"Senator Hillary Clinton waging two presidential campaigns at once. She is running for the Democratic presidential nomination while keeping a sharp eye on the general election campaign against the Republican presidential nominee, whoever that turns out to be. Senator Clinton wants to run as a centrist, not a liberal, in the general election. But there's a problem. She is being tugged to the left in the nomination fight, forced to take positions that may jeopardize her chances later against the Republican candidate.
"Her opponents in the Democratic primaries next year don't have this problem. They are unabashed liberals who have done nothing to place themselves near the ideological center of American politics. Clinton, however, spent her first term as senator from New York downplaying her image as a staunch liberal. Instead, she has sought with some success to fashion a reputation as a centrist on some several key issues, particularly national security. And while doing so, she became the undisputed frontrunner for the 2008 Democratic nomination. She became electable.
"A glance at the breakdown of red and blue states in the 2004 presidential race shows how little it would take for her to win the general election. If she holds the states won by Democrat John Kerry, she would need to add only one populous red state or two smaller ones. And there are numerous Republican states that have drifted toward the Democrats since 2004--Ohio, Colorado, Iowa, Montana, Nevada, Arizona, and Virginia, just to name a few."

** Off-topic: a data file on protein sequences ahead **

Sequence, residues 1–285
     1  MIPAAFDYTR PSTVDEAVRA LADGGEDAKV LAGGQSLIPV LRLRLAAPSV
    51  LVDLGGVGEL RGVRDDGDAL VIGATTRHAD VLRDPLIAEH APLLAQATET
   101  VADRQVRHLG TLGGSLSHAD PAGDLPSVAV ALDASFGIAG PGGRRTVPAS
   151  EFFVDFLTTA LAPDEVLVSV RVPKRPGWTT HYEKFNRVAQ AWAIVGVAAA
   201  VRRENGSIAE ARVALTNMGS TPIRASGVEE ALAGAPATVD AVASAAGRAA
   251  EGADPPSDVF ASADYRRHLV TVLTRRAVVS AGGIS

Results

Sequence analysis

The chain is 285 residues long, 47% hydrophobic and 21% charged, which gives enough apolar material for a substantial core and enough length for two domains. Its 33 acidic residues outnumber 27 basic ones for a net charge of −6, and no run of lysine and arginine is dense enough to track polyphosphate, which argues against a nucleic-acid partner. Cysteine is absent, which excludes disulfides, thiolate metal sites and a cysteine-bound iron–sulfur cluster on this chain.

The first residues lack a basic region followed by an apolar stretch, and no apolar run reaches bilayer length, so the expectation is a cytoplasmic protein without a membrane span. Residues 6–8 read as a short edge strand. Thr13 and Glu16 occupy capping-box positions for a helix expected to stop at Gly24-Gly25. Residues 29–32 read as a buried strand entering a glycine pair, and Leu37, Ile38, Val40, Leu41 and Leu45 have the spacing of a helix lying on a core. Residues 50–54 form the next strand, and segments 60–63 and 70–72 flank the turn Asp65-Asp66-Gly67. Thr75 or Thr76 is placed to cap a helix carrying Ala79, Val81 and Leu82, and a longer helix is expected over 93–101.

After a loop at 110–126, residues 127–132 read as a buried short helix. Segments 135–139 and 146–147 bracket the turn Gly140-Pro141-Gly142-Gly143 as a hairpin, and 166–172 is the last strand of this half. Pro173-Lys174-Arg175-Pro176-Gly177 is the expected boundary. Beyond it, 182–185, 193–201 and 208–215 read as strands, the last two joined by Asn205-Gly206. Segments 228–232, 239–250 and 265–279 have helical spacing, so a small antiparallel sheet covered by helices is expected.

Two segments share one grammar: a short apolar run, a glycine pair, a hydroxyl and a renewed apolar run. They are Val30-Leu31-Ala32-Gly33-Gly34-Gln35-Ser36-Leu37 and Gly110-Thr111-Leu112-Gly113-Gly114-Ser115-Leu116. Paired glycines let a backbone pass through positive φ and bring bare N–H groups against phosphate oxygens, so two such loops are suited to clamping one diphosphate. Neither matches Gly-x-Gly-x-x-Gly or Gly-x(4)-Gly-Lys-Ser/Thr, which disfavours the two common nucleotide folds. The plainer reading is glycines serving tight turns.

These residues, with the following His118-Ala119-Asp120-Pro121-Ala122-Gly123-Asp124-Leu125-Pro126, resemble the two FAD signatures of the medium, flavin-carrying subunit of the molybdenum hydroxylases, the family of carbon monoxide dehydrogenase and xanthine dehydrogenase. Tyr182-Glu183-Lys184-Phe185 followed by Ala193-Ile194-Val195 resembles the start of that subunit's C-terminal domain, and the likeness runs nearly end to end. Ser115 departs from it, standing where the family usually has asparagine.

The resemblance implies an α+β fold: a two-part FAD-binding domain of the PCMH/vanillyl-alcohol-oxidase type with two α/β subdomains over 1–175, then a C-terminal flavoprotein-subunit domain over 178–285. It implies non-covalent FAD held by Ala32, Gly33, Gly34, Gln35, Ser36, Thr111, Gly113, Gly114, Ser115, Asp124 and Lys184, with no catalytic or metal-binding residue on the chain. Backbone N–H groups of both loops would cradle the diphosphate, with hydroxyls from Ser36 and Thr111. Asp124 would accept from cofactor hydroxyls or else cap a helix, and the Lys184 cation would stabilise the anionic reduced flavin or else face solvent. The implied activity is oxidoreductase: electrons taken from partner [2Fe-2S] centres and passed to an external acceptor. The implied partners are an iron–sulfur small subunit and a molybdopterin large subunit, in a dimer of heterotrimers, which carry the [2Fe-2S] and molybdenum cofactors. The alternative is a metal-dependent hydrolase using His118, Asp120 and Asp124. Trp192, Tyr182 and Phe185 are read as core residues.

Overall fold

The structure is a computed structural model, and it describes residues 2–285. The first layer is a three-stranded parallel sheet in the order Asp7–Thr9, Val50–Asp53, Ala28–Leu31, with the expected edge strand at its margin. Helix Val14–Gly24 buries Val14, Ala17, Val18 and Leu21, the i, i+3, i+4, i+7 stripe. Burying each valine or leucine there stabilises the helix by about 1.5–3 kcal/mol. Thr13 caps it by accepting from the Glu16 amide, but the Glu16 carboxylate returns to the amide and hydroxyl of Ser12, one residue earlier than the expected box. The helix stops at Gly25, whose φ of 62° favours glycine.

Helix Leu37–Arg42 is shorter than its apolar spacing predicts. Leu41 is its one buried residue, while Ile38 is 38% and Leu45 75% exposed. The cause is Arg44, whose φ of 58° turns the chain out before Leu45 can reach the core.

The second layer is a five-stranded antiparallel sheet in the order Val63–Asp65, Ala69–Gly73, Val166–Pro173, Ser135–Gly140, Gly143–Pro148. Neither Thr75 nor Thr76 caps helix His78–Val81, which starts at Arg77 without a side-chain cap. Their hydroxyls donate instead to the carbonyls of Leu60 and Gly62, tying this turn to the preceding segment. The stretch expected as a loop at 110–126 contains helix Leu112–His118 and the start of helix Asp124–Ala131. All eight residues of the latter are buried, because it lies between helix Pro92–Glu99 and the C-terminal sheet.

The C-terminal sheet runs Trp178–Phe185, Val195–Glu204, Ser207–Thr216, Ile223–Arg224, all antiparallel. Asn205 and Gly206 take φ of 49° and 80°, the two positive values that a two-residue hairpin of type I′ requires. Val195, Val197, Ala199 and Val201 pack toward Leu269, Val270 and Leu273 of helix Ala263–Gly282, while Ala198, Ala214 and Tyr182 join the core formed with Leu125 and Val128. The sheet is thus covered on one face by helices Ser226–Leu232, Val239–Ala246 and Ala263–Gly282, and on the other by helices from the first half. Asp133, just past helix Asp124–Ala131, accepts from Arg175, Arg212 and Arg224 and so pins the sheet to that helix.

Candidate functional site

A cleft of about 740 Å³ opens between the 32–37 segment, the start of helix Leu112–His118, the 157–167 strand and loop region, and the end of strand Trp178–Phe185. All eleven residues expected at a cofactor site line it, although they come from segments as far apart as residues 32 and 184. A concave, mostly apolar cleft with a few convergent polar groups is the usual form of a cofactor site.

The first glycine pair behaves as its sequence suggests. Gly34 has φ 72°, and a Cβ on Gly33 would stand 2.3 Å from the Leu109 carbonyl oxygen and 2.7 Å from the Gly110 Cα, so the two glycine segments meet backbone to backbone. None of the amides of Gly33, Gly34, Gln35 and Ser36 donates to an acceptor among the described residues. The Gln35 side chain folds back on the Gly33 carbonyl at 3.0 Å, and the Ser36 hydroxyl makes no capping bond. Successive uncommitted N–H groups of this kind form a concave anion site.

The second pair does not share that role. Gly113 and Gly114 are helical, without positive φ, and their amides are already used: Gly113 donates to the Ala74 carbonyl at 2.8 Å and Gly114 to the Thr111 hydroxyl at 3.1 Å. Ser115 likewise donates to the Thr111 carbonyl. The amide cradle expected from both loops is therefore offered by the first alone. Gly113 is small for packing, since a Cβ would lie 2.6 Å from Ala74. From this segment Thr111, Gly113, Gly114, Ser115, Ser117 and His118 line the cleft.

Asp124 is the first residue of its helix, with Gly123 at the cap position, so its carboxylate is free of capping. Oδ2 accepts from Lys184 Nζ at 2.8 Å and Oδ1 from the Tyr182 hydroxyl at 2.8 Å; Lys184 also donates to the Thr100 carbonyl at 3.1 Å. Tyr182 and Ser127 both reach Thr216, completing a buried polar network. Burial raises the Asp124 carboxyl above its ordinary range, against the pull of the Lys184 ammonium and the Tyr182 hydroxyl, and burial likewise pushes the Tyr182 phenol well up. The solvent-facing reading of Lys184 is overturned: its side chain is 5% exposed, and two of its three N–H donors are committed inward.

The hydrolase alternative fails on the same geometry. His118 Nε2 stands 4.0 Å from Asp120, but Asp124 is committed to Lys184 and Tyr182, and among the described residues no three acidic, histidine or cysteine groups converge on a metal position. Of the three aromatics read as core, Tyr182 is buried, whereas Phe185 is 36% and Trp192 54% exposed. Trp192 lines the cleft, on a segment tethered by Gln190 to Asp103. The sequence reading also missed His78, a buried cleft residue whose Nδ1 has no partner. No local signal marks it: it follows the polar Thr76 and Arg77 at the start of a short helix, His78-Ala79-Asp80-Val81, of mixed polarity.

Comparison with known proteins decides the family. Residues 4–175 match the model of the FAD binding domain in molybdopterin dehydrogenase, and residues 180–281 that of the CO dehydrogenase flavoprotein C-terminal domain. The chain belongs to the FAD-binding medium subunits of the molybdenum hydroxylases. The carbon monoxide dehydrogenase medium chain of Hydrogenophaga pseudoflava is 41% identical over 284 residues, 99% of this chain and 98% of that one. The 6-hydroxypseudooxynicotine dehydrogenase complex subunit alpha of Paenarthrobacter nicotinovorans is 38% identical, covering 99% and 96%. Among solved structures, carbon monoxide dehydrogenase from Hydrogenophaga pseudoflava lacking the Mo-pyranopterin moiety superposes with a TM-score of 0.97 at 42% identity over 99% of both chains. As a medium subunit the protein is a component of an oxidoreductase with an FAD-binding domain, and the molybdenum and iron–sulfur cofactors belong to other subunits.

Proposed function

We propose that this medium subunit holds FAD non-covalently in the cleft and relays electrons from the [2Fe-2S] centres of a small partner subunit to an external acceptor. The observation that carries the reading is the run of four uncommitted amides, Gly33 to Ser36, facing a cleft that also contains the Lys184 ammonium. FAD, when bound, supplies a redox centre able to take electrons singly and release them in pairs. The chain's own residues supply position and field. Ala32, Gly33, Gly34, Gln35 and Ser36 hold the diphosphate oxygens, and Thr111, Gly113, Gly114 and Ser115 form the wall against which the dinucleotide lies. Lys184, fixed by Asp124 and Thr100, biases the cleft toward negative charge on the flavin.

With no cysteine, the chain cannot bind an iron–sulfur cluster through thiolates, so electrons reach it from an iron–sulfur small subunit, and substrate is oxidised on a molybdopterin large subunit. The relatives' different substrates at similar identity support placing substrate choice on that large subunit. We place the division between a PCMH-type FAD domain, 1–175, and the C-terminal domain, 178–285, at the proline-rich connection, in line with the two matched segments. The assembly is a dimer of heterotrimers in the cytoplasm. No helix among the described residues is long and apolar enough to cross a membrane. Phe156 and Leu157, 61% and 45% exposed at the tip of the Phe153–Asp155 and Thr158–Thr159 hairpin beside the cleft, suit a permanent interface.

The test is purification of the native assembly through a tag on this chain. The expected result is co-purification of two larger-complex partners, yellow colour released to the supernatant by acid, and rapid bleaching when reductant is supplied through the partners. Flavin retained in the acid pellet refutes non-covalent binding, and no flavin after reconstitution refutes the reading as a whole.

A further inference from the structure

Washington Monthly's Kevin Drum
"I don't think it's surprising at all that Hillary Clinton trounced Rudy Giuliani in a recent poll in New York state. It's sort of the flipside of my earlier argument about Hillary being stronger than many people think.
"In Hillary's case, my argument is that there are a lot of people who have vague, negative impressions of her from the 90s, and that these people are going to be pleasantly surprised when they see her for the first time in years and she turns out not to be a fire-breathing dragon after all. Maybe it's the soft bigotry of low expectations, but it's real nonetheless. She has nowhere to go but up.
"Giuliani is just the opposite. The average voter has vague, positive impressions of Rudy thanks to his 9/11 heroics, and these people are going to be unpleasantly surprised when they see him for the first time in years and he turns out to be nastier than they remember (not to mention being freighted down by a closet full of skeletons they didn't know about). He has nowhere to go but down."
I stumbled across the following post at the Politico:
"Frankly I have no respect for Rudi since he wimped out of the 2000 Senate race with Hittlery. Plus he's bald and Americans don't elect bald Presidents."
My reaction: 1) This person can't spell. 2) Rudy didn't wimp out, he was battling cancer. 3) I could do without the Nazi reference. 4) I wonder if he may be onto something with the hair-challenged part.
Well, that didn't take long. There's already a demand for one candidate to get out of the race. Take it away, Jonathan Chaithttp